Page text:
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The green jersey may have once again been won by Peter Sagan, but a new sprint star emerged in this year’s Tour de France in the shape of Germany’s Marcel Kittel.
Following in the footsteps of Erik Zabel and Andre Greipel, he has emerged at a time when the image of cycling in Germany has been in need of a boost.
Like Zabel before him, Kittel was born in Communist East Germany, while, like Greipel, he has stiff competition in those fiercely contested bunch sprints in the shape of British ace Mark Cavendish.
But the 100th edition of the Tour will not just be remembered for Chris Froome’s stunning overall triumph. A year after leaving the race through illness, Kittel has made a name for himself on the international stage.
The 25-year-old from the town of Arnstadt in Thuringia became the first rider to wear the yellow jersey in this year’s race after winning the opening stage in Bastia, and went on to win stage 10 in Saint-Malo and the 12th stage in Tours before capping it all with a superb final day win on the Champs Elysees.
That last win was an especially significant one for the Argos team rider, as even Erik Zabel never managed more than three stage victories on any one Tour on his way to winning the green jersey in six successive years.
French sports daily L’Equipe had already run with the headline “Cavendish Reigns No More” before Kittel denied the British champion what would have been his fifth straight win on the famed boulevard.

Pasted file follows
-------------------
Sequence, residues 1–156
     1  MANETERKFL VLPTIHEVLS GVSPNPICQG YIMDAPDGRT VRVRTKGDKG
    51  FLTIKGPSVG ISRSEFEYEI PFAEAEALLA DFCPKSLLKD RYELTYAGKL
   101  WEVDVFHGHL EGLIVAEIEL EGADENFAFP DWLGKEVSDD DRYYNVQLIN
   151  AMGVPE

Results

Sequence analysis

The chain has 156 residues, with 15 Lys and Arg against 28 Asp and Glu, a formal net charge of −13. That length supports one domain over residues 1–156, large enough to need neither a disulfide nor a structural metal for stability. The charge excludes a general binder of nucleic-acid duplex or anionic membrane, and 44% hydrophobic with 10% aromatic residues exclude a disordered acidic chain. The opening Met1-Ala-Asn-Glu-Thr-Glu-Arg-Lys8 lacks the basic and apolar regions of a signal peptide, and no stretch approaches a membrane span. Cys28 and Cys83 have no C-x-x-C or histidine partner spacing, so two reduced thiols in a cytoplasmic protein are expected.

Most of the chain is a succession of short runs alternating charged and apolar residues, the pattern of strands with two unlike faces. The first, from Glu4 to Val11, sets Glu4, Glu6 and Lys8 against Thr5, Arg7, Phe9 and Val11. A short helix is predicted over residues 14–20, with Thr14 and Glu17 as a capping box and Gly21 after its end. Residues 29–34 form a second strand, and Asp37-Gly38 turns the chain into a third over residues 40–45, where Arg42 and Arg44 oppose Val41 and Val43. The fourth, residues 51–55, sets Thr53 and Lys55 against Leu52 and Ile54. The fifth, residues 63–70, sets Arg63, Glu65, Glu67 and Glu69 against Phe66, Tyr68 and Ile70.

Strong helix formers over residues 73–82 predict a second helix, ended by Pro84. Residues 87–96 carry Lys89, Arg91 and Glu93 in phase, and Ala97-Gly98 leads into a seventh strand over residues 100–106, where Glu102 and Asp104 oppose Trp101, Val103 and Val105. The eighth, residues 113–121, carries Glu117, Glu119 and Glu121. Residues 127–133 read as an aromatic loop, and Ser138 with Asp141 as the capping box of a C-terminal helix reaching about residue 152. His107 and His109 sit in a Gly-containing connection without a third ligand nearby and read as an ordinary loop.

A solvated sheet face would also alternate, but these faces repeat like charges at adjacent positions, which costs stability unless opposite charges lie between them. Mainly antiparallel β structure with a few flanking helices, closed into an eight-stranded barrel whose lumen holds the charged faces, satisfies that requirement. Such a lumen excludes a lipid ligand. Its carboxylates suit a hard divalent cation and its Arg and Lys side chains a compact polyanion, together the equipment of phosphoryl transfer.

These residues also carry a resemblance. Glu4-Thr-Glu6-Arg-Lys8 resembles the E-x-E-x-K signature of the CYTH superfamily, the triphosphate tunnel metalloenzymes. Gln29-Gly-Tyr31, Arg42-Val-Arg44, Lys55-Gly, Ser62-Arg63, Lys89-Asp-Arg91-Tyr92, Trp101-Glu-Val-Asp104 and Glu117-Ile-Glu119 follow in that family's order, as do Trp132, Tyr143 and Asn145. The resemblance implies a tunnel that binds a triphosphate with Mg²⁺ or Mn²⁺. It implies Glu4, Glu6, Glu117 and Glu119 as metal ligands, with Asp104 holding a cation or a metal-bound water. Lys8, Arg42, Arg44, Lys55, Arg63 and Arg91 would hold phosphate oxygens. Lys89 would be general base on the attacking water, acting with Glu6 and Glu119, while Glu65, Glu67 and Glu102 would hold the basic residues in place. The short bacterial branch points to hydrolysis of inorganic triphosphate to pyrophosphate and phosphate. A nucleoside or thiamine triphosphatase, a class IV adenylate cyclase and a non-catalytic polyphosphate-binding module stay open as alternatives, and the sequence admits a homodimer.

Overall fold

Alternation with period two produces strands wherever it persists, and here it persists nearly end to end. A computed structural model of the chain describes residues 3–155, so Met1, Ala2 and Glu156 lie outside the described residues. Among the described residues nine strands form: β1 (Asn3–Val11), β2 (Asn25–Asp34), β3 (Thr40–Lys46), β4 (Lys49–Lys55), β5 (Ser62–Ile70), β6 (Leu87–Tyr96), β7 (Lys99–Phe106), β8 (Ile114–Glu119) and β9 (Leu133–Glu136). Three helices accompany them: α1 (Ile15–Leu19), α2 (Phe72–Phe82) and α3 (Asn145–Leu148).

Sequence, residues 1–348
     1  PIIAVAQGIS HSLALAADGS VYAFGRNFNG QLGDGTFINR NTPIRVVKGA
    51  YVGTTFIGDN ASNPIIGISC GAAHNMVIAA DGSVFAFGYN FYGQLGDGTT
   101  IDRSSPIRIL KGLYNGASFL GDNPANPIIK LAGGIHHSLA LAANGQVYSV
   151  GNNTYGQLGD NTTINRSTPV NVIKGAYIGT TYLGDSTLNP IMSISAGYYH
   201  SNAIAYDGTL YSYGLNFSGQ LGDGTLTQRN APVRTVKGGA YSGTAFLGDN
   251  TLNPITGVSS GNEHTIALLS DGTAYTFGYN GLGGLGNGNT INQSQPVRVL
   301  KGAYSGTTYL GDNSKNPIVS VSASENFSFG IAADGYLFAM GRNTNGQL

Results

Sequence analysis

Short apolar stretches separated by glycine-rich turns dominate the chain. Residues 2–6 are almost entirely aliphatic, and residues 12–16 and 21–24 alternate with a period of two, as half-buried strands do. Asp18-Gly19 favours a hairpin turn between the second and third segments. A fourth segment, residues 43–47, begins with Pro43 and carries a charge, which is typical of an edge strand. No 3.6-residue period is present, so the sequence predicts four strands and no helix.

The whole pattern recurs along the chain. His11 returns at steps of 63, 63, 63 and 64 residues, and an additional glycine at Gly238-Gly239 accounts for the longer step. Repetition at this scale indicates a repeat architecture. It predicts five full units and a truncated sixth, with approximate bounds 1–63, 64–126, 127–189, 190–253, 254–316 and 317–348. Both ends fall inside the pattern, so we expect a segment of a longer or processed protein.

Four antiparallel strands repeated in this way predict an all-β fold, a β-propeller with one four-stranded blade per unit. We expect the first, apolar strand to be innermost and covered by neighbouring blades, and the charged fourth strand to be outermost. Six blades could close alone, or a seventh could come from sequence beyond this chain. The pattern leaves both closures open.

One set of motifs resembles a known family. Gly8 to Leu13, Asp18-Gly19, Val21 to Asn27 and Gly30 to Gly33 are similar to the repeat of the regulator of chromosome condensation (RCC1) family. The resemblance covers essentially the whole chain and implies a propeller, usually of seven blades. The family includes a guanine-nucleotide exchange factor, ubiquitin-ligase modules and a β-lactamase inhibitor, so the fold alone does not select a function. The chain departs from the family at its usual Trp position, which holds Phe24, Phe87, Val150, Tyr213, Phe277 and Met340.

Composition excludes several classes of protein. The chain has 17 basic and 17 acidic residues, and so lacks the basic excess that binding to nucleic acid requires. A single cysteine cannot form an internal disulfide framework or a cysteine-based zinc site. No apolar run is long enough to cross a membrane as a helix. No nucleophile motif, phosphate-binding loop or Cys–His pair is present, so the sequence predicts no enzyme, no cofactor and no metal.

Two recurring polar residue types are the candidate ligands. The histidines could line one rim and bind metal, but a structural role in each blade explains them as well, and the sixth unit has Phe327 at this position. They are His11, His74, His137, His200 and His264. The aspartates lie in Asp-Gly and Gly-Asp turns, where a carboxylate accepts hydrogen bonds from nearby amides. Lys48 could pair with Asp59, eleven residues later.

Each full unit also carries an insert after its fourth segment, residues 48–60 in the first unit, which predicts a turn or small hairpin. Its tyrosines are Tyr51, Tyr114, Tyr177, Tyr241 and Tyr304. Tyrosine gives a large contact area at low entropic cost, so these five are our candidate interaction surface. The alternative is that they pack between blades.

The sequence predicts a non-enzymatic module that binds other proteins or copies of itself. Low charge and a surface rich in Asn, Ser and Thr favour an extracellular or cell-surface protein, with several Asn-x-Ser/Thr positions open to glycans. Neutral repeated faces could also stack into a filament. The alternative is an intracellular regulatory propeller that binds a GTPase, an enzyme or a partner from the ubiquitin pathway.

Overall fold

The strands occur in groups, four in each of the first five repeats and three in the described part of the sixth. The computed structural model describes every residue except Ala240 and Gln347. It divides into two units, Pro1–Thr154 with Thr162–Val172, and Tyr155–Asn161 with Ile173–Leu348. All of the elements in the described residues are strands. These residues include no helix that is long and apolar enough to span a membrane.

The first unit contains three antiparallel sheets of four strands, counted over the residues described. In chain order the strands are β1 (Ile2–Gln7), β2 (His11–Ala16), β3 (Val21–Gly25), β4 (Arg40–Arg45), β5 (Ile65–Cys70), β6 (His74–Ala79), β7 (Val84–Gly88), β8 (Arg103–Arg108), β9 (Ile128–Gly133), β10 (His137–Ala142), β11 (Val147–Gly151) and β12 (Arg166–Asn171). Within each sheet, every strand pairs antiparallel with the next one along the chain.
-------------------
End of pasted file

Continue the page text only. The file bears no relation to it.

But Cavendish has spoken glowingly of his new rival, describing him as “the next superstar in sprinting”.
Kittel himself is a little more modest, although after withdrawing from his debut Tour de France last year in the fifth stage due to a viral infection, his only hope for this year’s race was to maybe win one stage.
Achieving that objective on the opening day allowed him to sample wearing the yellow jersey, a feeling he described as “like having gold on my shoulders”, while his subsequent triumphs have made him realise that he can compete with the very best.
“He now has the confidence to take on anyone. He had won other races in the past but the fact that he has won sprints here, at the summit of our sport against all the other riders, has liberated him,” said Argos sporting director Christian Guiberteau.
The son of a cyclist father and an athlete mother, Kittel was perhaps always destined for a career as a sportsman, and he was a world time-trial champion as a junior.
He followed that success by becoming under-23 European champion in the discipline in 2009, but it soon became clear that he had something to offer as a sprinter too.
Winner of a stage on the 2011 Tour of Spain, Kittel has now proven that was no one-off thanks to his displays over the last three weeks.
Along with stage wins for countrymen Greipel and Tony Martin, he has helped revive the sport back at home at a time when its popularity has reached something of a low ebb.
A long line of doping scandals involving German riders led television networks in the country to turn their back on cycling’s greatest race and, early last year, Kittel himself was linked to involvement in a blood doping ring after an investigation was opened into medical practices at an Olympic training centre in the city of Erfurt.
However, he has never been found guilty of any wrongdoing, and is now on a mission.
“I have an important responsibility to give our sport a good image in Germany again, and make the public realise that cycling has a future in our country,” he says.
Text via AFP.